"When the Arab Spring started we travelled down to Damascus to start holding demonstrations. They shot at us – two from my group and three others were killed. That was when I knew I had to run away.

"When I realised it was impossible for me to go back, I went to Turkey and found some agents to prepare a fake passport. I preferred Britain because I can speak English.

"I went to the Home Office and they gave me an appointment to apply for asylum. My family are in Jordan now and I want them to come and join me. I'm looking for a job as a translator for Arabic and Kurdish, and I've got a contract to start running a teaching course in London.

Case study: 'When I was shot at, I knew I couldn't return'

Hasan Abdalla, 57, is a teacher with a degree in English Literature who lived the Kurdish region of north-eastern Syria. He came to Britain last December after his opposition group’s peaceful demonstrations against Bashar al-Assad led to them being targeted for torture, imprisonment and execution by President Bashar al-Assad’s security forces. Aided by Freedom From Torture, he was granted asylum in April and has exhibited artworks reflecting on his experiences.

"I first had problems with the regime 20 years ago when I was a member of the Kurdish Popular Union Party. They imprisoned me for one and a half years for nothing – they said I had been distributing leaflets, but it wasn’t me. They captured me in front of my family and my neighbours, and they took me away with no clothes on.

"While I was detained I was beaten and tortured. They tie your legs up and hit you until you are unconscious; they strap your hands to electric chairs with a cable connected to a car battery and shock you until you pee yourself or you are unconscious, in addition to the insults and abuse. Then they push you in a small room – 3m by 2m – with more than 50 people. You eat in it, you sleep in it, and they take you out two times a day just to beat you and interrogate you, to question you, to torture you to confess about members of your party. You have to lie and tell them what they want. You tell them everything because nobody can resist what they do.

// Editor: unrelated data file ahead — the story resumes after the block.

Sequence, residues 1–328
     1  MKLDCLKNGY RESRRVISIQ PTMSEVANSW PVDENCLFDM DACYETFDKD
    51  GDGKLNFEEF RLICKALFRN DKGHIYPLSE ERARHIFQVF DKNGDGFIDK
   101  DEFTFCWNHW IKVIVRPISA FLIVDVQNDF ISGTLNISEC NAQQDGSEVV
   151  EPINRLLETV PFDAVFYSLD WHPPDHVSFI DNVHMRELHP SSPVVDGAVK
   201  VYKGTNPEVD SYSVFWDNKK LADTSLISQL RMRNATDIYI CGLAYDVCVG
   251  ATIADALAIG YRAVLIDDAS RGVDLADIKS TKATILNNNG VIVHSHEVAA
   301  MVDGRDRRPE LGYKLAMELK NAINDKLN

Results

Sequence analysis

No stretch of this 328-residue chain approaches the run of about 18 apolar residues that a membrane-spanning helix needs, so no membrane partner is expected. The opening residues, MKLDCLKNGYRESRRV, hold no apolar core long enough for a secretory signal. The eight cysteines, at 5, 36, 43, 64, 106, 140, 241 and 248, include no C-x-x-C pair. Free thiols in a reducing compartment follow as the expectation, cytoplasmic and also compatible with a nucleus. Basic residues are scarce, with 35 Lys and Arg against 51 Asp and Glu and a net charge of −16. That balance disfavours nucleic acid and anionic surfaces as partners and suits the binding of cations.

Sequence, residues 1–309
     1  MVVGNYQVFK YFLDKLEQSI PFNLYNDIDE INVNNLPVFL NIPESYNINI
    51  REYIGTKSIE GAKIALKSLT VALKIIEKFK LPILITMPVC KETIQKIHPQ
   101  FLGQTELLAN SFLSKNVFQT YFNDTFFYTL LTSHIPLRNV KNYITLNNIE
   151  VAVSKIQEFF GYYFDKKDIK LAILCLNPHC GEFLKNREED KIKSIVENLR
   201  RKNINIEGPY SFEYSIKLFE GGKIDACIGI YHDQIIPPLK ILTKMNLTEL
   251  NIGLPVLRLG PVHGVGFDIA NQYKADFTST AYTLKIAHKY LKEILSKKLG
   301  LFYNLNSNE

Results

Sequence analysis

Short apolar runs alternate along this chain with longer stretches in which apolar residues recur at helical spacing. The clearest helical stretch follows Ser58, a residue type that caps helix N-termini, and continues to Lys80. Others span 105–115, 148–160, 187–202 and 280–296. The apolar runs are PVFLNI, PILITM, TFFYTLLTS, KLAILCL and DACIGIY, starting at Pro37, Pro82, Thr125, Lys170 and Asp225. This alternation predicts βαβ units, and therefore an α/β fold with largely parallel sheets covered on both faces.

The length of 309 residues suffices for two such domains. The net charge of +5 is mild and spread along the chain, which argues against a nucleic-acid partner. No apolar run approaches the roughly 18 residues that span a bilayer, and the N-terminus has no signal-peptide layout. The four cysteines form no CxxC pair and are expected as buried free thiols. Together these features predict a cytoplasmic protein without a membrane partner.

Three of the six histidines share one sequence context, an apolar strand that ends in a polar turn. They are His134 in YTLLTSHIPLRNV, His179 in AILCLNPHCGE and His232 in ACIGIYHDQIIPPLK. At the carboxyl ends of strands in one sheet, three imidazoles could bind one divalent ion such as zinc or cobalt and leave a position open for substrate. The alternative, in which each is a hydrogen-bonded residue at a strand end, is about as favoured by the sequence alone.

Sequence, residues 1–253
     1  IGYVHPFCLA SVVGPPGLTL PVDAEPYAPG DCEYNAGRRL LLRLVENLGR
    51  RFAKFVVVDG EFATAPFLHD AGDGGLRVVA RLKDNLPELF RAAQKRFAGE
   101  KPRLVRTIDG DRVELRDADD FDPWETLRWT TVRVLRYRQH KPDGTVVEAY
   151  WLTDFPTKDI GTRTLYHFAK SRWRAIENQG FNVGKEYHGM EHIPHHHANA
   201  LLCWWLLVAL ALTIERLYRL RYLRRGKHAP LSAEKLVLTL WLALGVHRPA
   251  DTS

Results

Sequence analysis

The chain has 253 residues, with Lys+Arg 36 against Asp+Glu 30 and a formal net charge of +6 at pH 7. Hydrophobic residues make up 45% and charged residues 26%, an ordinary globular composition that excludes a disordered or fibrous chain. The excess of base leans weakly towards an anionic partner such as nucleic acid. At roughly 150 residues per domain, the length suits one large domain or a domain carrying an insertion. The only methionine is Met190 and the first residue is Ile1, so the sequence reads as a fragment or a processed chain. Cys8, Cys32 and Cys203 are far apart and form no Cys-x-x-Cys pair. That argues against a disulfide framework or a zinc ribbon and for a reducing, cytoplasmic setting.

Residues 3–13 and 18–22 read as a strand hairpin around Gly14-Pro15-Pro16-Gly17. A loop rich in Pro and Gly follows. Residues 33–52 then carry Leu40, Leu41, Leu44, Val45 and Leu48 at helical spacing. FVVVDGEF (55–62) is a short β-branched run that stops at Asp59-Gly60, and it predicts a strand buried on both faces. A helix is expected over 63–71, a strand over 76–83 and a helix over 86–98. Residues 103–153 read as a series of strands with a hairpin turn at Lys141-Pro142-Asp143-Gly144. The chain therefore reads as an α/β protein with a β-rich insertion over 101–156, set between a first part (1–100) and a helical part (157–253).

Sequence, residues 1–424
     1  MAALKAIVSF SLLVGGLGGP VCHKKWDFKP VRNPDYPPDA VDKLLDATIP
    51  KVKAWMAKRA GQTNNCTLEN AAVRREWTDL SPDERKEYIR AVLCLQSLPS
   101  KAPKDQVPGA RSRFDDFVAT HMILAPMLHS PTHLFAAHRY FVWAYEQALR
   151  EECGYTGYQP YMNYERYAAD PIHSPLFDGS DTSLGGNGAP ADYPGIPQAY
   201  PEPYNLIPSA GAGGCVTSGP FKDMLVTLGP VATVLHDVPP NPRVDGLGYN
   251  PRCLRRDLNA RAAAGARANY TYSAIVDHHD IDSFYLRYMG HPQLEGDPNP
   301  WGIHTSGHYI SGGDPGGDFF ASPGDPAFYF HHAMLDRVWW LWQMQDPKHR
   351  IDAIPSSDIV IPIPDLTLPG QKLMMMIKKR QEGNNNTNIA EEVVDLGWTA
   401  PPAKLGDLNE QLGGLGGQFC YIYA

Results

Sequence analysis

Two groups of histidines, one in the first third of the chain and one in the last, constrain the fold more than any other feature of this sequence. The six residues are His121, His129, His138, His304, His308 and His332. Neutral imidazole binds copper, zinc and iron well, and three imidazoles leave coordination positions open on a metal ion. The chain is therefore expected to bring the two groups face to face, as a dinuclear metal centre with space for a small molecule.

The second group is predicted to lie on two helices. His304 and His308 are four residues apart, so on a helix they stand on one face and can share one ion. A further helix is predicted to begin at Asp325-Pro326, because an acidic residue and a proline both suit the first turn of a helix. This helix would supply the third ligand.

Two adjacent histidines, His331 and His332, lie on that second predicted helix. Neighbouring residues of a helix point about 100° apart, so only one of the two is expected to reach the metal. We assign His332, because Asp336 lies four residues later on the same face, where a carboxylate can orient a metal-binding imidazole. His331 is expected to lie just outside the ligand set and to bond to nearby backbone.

"They released me in 1995, but they stopped me from teaching. When the Arab Spring started we travelled down to Damascus to start holding demonstrations outside the arch of the old city.

"At first they broke up our protests, but then they shot at us – two from my group and three others were killed – and they captured 300. We knew that we were about to be arrested and killed, because those they took knew everything about our group. The next day we went to the funeral and they shot at us again, and raided my house. I knew that it was my turn. That was when I knew I had to run away.

"I knew people who could pass me over the border to Lebanon. At that time I thought I would be going back because I thought Bashar’s regime would not last long. I didn’t think it would escalate and get more critical. When I realised it was impossible for me to go back, I went to Turkey and found some agents to prepare a fake passport for me to come to Europe. I preferred Britain because I can speak English.

"I went to the Home Office and they gave me an appointment to apply for asylum. At first I stayed with an Egyptian friend before going to a refugee service in Brixton. They sent me to Home Office accommodation in Croydon and then to West Bromwich. The process was fine, I was very happy.

"I have a wife and three children. My family are in Jordan now and I want them to come and join me. One of my children is allowed to come here but the others aren’t because they are over 18. I’m now looking for a job as a translator for Arabic and Kurdish, and I’ve got a contract to start running a teaching course in London soon."